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Science

Why Is Cheating In Science Research On The Rise?

Originally published on Mon October 14, 2013 5:19 pm

Transcript

MELISSA BLOCK, HOST:

You're listening to ALL THINGS CONSIDERED from NPR News.

Cheating in science is not new, but the way it happens and the way it's detected are changing. There's a lot at stake in science research, everything from public health to valuable federal dollars.

And as Gigi Douban reports from Birmingham, Alabama, there are more people watching to keep researchers honest.

GIGI DOUBAN, BYLINE: About 60 science graduate students at the University of Alabama at Birmingham are working in small groups on a quiz.

UNIDENTIFIED MAN: Now it gets more complicated, though. This is where it started getting really tricky for me.

UNIDENTIFIED WOMAN: I agree.

UNIDENTIFIED MAN: Okay, so we encouraged her to go talk to him. She didn't do it.

UNIDENTIFIED WOMAN: Yep.

UNIDENTIFIED MAN: Now, you're going to have to do something because your colleague won't. So what (unintelligible)...

DOUBAN: The questions have to do with right and wrong in science research. Sometimes, the discussions get pretty heated. That's because issues like what do you do when you're under pressure to publish and you're faced with a shortcut, or what if a few labels fall off some samples? How do you reassign them? They don't all have clear answers.

JEFF ENGLER: You hear the level of noise. You hear the level of discussion, and I think that's a good thing.

DOUBAN: That's Jeff Engler, associate dean at the UAB Graduate School. He's training the next generation of scientists to do honest work. It's not something that comes automatically. Take the case years ago of the South Korean stem cell researcher. Scientists in the field thought he was doing groundbreaking research, so a lot of them put their own work on hold. Some even collaborated with him. Turns out, his data was faked and at least a year of science was lost.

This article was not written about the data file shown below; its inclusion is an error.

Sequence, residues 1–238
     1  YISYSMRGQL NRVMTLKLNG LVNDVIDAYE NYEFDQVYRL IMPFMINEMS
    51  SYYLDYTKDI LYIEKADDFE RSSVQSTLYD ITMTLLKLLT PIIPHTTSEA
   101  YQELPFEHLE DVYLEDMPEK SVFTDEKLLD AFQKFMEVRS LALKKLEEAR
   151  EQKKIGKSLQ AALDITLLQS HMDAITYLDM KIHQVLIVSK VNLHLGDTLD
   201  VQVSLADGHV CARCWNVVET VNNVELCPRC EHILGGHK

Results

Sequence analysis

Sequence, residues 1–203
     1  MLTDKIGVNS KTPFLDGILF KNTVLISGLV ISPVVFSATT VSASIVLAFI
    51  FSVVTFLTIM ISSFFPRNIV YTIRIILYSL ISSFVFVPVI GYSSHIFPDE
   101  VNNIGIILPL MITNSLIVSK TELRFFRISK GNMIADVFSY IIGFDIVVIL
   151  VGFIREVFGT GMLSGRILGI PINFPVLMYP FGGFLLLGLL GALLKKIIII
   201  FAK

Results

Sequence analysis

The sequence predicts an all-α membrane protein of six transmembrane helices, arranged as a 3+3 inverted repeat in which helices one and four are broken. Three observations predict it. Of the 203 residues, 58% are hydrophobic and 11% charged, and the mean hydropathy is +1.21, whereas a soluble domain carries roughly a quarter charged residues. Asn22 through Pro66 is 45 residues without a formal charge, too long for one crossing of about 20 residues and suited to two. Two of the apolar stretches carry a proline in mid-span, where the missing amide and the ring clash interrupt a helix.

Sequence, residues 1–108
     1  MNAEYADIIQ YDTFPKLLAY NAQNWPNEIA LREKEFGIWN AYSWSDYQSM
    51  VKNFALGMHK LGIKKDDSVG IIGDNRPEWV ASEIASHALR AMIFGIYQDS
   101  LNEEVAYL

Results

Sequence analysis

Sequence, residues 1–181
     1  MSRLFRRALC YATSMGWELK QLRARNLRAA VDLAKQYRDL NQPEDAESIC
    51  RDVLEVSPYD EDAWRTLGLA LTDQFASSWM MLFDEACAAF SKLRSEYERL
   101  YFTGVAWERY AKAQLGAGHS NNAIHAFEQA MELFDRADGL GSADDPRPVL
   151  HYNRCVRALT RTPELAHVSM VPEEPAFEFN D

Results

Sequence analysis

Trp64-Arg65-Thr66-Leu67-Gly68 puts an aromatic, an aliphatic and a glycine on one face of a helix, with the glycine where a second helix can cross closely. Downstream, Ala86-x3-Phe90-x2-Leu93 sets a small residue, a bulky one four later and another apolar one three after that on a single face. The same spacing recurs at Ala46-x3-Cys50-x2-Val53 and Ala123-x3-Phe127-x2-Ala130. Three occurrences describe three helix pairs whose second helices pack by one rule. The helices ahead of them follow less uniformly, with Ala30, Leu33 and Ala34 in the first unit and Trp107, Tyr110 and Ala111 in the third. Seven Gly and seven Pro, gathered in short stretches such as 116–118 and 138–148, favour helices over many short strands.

Then there was the study that linked the mumps, measles and rubella vaccine to autism. It was more than 10 years before the scientific paper was retracted. In the meantime, that vaccine-autism connection was accepted by some and scores of parents opted not to vaccinate their kids. Dozens of articles spread the autism scare and other researchers based their work on that false data. It's important to note most scientists do not fake results. But for the ones who cheat, it's easier than ever.

DAVID WRIGHT: We received last year more than 400 allegations, which was just about double that of the year before.

DOUBAN: That's David Wright, director of the Federal Office of Research Integrity. It investigates misconduct allegations and has tracked them since 1994. He says most of the increase is driven by technology, especially Photoshop.

WRIGHT: It's enabled investigators using that technology to present their images much more vividly and directly than they could before. But it's also made it easier for people to manipulate images.

DOUBAN: Technology has also made it easier to catch stuff like this. The Office of Research Integrity has forensic tools on its website that anyone can download to spot phony data. So more people are watching, which could be one reason for the increase. Another is that science is more global. You might have research teams in Denmark, China and the U.S. collaborating.

WRIGHT: And when the research groups get bigger and bigger, it's not always easy to assign responsibility.

DOUBAN: How can faked results make it this far? Michael Kalichman is director of the Research Ethics Program at the University of California, San Diego. He says despite all the technology, we're still dealing with humans.

MICHAEL KALICHMAN: Scientists are not better members of the general public. There are people in science who will be sloppy, who will cut corners and who, worse, will intentionally mislead.

DOUBAN: There are enough that the Office of Research Integrity is hiring another staffer to keep up with misconduct claims. For NPR News, I'm Gigi Douban in Birmingham, Alabama. Transcript provided by NPR, Copyright NPR.